1y/o female panther, new addition to my reptile family: Could use some pointers!

Correlophus

New Member
Hello, I am new to chameleon ownership and have recently been given a female panther chameleon. She is about 1 year old. Her name is Perse! Long story short she was given to me by a friend who is caring for her brothers and sisters that all have health issues. Perse is healthy other than the fact she’s missing the last couple inches of her tail. So she’s a little nubby and clumsy. Not any less beautiful though!

I got her about 5 days ago and have been slowly setting up her enclosure as I was not entirely prepared to take her home. I have been doing research daily on panthers to make sure I know my stuff. Prior to owning her I had done research on panthers and Jackson’s as I was interested in eventually having one. So I was not completely blind sided.

She’s got lots of leaves and vines to climb, a lay box just in case she needs it, and a dish for her wormies and such.

Her previous caregiver was feeding her black rock fly larvae, mealworms, waxworms, crickets, and on occasion Dubia roaches and horn worms. While under the previous person care she was eating and drinking regularly, basking, and exploring her enclosure. I was told she loved the fly larvae and would eat twice a day.

Since she has been with me, I haven’t seen her eat but I have seen her drink a few times. I keep bugs in her enclosure all day just in case she decides to eat. She mostly just hangs out in one spot. However, it’s a different spot each day. She has a little dripper that goes constantly and I spray her enclosure multiple times a day. I also haven’t seen her poop just yet either.

I’ve read several different places that it takes a while for them to get comfortable in a new environment. So I’m hoping that’s the case. I have appropriate bulbs for uvb and basking as told. Lights are on for 12 hours a day and she is plenty warm. My room stays about 70 at baseline. I try not to handle her much as well.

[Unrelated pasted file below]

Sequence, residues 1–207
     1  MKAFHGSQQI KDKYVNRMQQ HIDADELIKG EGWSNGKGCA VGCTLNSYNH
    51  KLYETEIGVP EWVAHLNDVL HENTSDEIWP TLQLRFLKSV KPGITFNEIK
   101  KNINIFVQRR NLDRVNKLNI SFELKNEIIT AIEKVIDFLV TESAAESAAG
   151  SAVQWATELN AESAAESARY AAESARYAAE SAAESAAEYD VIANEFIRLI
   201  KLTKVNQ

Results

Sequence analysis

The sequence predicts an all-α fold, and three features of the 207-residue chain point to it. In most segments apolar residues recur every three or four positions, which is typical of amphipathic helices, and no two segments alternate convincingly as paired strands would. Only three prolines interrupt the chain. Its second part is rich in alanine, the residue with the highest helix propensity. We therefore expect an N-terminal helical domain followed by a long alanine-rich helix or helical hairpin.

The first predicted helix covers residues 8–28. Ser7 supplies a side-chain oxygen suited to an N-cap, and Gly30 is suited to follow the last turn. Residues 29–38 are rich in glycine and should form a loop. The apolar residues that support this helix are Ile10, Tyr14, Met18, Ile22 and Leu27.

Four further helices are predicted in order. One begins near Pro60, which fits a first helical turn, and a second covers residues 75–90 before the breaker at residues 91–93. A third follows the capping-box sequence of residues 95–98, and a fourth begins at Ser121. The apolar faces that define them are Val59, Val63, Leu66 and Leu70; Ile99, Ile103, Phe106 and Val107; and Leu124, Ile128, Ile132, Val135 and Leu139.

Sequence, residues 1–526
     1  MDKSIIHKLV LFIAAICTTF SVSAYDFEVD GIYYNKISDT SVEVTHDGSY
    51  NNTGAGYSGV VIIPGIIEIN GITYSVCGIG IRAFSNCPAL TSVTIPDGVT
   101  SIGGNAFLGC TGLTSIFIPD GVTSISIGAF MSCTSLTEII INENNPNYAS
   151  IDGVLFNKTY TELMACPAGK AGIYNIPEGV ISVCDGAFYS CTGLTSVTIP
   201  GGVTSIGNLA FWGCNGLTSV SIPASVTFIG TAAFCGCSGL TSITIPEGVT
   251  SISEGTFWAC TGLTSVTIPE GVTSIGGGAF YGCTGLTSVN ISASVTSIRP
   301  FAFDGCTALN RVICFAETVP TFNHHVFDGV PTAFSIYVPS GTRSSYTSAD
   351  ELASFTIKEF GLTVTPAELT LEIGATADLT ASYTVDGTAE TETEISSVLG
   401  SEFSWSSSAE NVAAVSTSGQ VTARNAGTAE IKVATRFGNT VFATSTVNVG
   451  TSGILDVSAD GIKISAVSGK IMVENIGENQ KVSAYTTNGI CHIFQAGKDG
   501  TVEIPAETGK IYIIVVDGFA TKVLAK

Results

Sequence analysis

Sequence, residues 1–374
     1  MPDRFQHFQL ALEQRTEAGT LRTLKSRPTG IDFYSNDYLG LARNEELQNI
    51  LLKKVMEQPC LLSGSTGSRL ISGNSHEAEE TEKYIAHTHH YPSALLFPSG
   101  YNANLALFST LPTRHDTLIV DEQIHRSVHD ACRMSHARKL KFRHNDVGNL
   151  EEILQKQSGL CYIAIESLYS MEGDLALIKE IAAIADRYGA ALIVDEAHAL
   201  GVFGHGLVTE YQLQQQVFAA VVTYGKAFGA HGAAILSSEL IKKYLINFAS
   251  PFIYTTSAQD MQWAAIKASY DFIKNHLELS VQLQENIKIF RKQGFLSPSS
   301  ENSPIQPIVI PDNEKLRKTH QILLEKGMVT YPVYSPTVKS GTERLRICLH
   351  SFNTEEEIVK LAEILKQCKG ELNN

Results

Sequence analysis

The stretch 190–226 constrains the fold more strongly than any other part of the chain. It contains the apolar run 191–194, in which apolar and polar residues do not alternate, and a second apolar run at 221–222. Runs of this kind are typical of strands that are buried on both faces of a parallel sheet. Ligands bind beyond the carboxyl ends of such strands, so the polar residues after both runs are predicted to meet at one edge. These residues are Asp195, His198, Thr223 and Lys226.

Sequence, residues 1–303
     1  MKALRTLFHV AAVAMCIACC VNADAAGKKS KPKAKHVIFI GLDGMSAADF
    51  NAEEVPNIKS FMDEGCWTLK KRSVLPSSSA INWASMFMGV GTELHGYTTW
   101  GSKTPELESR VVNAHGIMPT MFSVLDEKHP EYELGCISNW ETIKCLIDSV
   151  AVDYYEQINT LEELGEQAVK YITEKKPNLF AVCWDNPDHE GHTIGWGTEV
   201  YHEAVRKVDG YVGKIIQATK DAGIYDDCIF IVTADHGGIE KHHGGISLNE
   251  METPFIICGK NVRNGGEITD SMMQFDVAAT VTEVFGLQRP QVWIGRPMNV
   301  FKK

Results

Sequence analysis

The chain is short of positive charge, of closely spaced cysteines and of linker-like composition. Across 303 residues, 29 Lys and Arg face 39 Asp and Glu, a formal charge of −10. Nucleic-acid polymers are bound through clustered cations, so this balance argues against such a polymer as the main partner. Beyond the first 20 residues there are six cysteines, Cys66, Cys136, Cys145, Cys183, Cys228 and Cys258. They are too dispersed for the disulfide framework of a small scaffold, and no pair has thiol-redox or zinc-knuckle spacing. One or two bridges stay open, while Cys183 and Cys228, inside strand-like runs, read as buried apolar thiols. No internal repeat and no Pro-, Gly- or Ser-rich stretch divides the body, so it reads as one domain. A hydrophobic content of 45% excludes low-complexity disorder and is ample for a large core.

Any help or advice would be amazing!!
 

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MissSkittles

Chameleon Enthusiast
Hi and welcome. :) I’m very glad that you’re here and wanting to give your girl the best life. There’s so very much bad and out dated information out there that it’s very difficult to know what is good or not. I do see some things that need improvement and have some questions.
The biggest thing that I see that needs to be changed is your uvb light. The screw in lights aren’t able to provide adequate levels of uvb any farther away than 2-3”. The standard is a linear T5 with either a ReptiSun 5.0 or Arcadia 6% uvb bulb. Most chain pet stores only carry T8 lights so most order them on line. Once you get the correct uvb light, you’ll want basking area to be about 8-9” below it. The light will need to span the width of your enclosure, which brings me to the next. I can’t tell what size enclosure you have, but a 2x2x4’ is the minimum recommended size for adults.